While the original Canz is slightly smaller than a soda can, the XL is nearly the size of a 2 liter bottle, keeping the cylindrical shape to produce even more 360-degree sound. It has a powder-finish aluminum shell that’s available in 3 colors: black, blue, and gunmetal. Visually, the design is minimalist; the plain-faced exterior is accented only by a small LED status light. As if in recognition of this lack of flair, 808 includes a shiny logo decal to add some visual interest to the speaker, if you choose to stick it on. The bottom of the speaker is lined with a rubber anti-slip mat that keeps the speaker firmly seated on flat surfaces.
On top is a metal grille covering the single 3.5-inch driver, but don’t be deterred by the prospect of mono audio as a driver this large is capable of producing a wide range of frequencies, particularly in the bass which is the primary trade-off for the larger form factor. In addition to the large driver, a vented passive radiator helps the lower frequencies resonate out of the base. A button near the top on the back of the speaker releases the pop-up handle, however, carrying it by this thin wire is awkwardly reminiscent of holding a can of paint. The speaker has two input ports towards the base for the DC plug and Aux-in line, though an audio cable for non-Bluetooth connections is not included. The battery can run for about 8 hours on a full charge, depending on playback volumes.
The four buttons along the top rim control power, bass boost equalizer mode, and volume, but there aren’t any playback controls such as play/pause, track navigation, or hands-free calling. This means you’ll have to control playback through your paired device, which only proved a minor inconvenience. Pairing to the speaker via Bluetooth is straightforward. The speaker even starts up in Bluetooth mode automatically the first time you turn it on, though to put it back into Bluetooth mode to pair a different device later, you simply double press the power button.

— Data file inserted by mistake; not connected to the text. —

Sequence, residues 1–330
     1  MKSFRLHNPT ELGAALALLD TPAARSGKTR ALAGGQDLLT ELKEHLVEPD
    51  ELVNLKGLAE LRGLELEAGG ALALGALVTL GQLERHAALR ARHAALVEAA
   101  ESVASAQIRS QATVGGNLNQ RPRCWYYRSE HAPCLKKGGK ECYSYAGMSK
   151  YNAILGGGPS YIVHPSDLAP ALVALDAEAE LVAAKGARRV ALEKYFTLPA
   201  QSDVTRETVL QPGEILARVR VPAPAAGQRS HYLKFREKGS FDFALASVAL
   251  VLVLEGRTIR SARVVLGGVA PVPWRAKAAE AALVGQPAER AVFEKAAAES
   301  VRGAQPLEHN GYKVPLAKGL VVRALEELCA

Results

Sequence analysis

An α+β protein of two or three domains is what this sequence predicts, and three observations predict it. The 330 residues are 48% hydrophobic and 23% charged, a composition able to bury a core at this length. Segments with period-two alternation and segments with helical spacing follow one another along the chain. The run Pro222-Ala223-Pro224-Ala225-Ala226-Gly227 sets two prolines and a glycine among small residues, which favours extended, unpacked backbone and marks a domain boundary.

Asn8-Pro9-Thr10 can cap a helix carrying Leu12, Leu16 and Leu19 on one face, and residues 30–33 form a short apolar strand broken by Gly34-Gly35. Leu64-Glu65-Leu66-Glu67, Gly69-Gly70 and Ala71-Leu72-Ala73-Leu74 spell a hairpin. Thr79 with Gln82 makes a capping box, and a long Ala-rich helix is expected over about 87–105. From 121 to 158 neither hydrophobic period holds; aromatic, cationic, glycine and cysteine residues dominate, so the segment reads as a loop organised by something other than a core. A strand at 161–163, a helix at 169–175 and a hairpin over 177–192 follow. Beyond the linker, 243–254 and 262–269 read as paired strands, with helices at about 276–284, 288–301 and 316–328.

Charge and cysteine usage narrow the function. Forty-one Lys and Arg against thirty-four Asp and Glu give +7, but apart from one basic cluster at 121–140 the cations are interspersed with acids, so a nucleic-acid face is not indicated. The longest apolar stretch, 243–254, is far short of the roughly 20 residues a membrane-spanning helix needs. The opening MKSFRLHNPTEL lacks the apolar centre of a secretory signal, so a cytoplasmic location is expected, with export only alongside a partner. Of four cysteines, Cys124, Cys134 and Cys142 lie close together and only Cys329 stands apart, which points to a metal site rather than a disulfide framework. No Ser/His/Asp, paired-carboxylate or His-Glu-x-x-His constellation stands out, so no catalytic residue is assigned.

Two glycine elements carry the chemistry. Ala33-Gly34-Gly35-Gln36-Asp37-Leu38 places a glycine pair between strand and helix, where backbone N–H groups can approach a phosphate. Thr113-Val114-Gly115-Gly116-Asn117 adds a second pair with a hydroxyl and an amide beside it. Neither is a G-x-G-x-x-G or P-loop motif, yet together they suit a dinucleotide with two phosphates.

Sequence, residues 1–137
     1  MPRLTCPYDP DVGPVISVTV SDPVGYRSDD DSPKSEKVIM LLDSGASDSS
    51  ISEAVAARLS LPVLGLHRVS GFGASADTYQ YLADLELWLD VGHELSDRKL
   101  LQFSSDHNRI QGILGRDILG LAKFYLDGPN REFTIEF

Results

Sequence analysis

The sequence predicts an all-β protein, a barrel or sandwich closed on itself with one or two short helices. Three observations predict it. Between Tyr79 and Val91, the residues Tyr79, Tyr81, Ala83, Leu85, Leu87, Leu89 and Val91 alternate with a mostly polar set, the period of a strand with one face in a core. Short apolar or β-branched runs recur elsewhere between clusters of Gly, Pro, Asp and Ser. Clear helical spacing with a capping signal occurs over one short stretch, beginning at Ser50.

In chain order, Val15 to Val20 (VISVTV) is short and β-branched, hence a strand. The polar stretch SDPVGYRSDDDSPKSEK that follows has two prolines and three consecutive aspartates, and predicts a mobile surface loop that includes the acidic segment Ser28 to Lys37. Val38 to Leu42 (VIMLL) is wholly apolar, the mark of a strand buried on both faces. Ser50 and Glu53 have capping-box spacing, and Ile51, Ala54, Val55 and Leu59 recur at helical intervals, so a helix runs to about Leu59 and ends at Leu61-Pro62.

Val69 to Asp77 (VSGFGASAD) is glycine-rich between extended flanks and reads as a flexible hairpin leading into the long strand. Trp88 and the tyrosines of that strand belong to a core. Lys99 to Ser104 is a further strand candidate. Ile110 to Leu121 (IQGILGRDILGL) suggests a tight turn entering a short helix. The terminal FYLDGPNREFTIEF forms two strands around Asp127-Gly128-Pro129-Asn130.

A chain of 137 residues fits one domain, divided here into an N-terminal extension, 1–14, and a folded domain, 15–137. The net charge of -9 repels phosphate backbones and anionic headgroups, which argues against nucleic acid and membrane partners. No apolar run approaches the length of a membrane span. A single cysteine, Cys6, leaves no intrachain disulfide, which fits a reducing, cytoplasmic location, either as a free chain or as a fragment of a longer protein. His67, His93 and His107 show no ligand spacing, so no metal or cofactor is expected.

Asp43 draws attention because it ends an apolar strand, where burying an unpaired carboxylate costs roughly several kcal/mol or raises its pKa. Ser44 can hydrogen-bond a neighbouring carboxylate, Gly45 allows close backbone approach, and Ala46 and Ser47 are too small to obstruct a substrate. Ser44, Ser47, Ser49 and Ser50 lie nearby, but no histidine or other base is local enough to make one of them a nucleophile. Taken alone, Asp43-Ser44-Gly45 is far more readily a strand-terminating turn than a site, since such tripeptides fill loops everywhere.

In terms of audio quality, at moderate volumes the sound from the Canz XL is clean with good reproduction in the low ranges. However, once the volume was maxed out, many tracks suffered from distortion and a lack of definition, especially if it featured a good amount of low bass. In most cases, we preferred the bass boosted EQ mode, as the standard listening mode tended to sound flat and, in a word, canned. On some tracks the bass boost mode made almost no difference, while on others the sound was not only more balanced but sharper as well.
Though the overall listening experience wasn’t as impressive as we’d hope for from a speaker of this size, the Canz XL did deliver decent quality audio with respectable low-mids and bass performance. In terms of volume, it can get quite loud, but you’ll have to watch out for distortion when you crank it up. You’ll likely be able to find similar audio quality in the $100 price range, perhaps in a smaller package with additional features like on-speaker playback controls, weather resistance, or mobile charging, but you might miss out on the 360 degree sound. The Canz XL is available now on Amazon for $99.99.
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